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This project is authorized by the following legislation:
7 USC 3291, International agricultural research, extension, and teaching, authorizes the Secretary in part (a) to (1) exchange research materials and results with the institutions or persons, and (5) work with transitional and more advanced countries in food, agricultural, and related research, development, teaching, and extension (including providing technical assistance, training, and advice to persons from the countries engaged in the activities and the stationing of scientists and other specialists at national and international institutions in the countries).
The Office of Agreements and Scientific Affairs (OASA), International Regulations and Standards Division (IRSD) is a division of the Foreign Agricultural Service (FAS), an agency within the U. S. Department of Agriculture.
IRSD’s strategic goals are to monitor and enforce Sanitary and Phytosanitary (SPS) obligations in accordance to the World Trade Organization’s (WTO) SPS Agreement, to advance the adoption of science-based international standards and regulations, and to coordinate with other U. S. government agencies to support United States Government’s (USG) SPS priorities.
OASA works with a number of other U. S. government agencies (e.g., U. S. Trade Representative, Food and Drug Administration (FDA), and Environmental Protection Agency (EPA), Department of Commerce, and USDA sister agencies), international organizations, and industry to promote the trade of safe food products globally.
As many Asian economies grow rapidly, governments are wrangling with complex public health issues including a pronounced need for updated food safety regulatory systems.
While food safety modernization is an essential part of effective agricultural regulation, this trend has caused an increase in onerous non-tariff barriers, as many of the 21 economies in the Asian Pacific Economic Cooperation (APEC) region lack the capacity to develop these regulations in a way that is consistent with the SPS Agreement and doesn’t overly restrict trade.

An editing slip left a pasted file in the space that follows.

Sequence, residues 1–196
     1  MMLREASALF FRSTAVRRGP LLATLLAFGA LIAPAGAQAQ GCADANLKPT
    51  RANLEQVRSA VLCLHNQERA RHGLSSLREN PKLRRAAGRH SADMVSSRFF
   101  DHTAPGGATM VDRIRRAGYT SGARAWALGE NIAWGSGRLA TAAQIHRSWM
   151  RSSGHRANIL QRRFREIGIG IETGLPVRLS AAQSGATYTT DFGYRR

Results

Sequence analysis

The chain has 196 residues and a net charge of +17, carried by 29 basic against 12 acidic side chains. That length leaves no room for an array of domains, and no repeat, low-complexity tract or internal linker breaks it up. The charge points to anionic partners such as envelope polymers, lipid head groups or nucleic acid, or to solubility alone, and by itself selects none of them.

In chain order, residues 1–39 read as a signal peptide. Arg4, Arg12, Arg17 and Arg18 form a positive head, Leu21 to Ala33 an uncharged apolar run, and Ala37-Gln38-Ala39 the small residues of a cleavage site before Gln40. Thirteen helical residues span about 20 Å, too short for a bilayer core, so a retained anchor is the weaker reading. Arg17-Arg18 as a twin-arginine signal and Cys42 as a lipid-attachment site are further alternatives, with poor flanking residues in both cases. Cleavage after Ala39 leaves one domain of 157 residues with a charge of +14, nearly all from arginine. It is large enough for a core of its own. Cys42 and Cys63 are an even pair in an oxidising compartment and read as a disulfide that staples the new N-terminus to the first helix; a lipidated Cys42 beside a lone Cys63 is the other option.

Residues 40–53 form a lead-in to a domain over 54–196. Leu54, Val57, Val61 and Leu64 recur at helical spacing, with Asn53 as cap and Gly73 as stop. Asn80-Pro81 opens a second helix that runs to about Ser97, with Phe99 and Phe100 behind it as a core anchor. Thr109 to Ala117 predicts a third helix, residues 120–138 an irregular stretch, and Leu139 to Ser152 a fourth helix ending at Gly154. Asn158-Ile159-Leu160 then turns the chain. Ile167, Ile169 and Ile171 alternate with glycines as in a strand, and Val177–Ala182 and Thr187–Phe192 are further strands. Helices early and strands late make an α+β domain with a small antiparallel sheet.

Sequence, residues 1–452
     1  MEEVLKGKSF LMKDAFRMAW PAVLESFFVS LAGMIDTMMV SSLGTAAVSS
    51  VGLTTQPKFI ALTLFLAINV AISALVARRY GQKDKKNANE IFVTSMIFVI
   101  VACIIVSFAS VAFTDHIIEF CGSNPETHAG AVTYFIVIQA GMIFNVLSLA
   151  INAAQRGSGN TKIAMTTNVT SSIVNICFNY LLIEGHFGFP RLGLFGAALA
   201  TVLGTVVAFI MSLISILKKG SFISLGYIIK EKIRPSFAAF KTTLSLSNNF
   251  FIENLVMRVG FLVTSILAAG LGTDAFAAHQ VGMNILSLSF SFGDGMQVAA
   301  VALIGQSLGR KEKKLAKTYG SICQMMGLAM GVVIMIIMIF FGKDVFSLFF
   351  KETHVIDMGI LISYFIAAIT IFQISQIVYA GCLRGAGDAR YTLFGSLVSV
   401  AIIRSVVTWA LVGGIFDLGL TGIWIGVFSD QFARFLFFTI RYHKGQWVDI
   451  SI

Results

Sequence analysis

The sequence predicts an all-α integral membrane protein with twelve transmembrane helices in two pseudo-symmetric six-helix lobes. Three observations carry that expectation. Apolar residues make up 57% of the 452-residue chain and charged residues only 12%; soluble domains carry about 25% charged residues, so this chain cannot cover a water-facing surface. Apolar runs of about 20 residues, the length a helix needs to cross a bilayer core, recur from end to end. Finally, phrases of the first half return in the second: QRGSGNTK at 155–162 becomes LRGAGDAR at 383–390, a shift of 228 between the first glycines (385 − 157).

This unfortunately is happening at a time when markets in the region are growing dramatically relative to our exports in the rest of the world.
As economies endeavor to update their systems, multi-economy discussion on export certificates and pesticide Maximum Residue Limits (MRLs), is extremely important to U. S. agricultural exports, and USDA and IRSD’s core goal of ensuring adherence to the WTO SPS Agreement.
Many economies lack the capacity to effectively assess food safety risk and as a result can put in place certificate requirements that are not based in science and overly restrict trade.
This misuse of the export certificate belies a need for further discussion on the broad range of tools economies can implement to ensure the safety of imported food, many of which are less trade restrictive than an official export certificate.
In addition, many developing economies lack the capacity to develop their own pesticide MRLs, and as a result either do not set an MRL, or default to an MRL of zero, which can unnecessarily restrict trade.
Overly restrictive MRLs may not be based in science.
Efforts to build regulatory capacity and encourage the adoption of Codex MRLs, which are more consistent with the WTO SPS Agreement, can help reduce these trade barriers.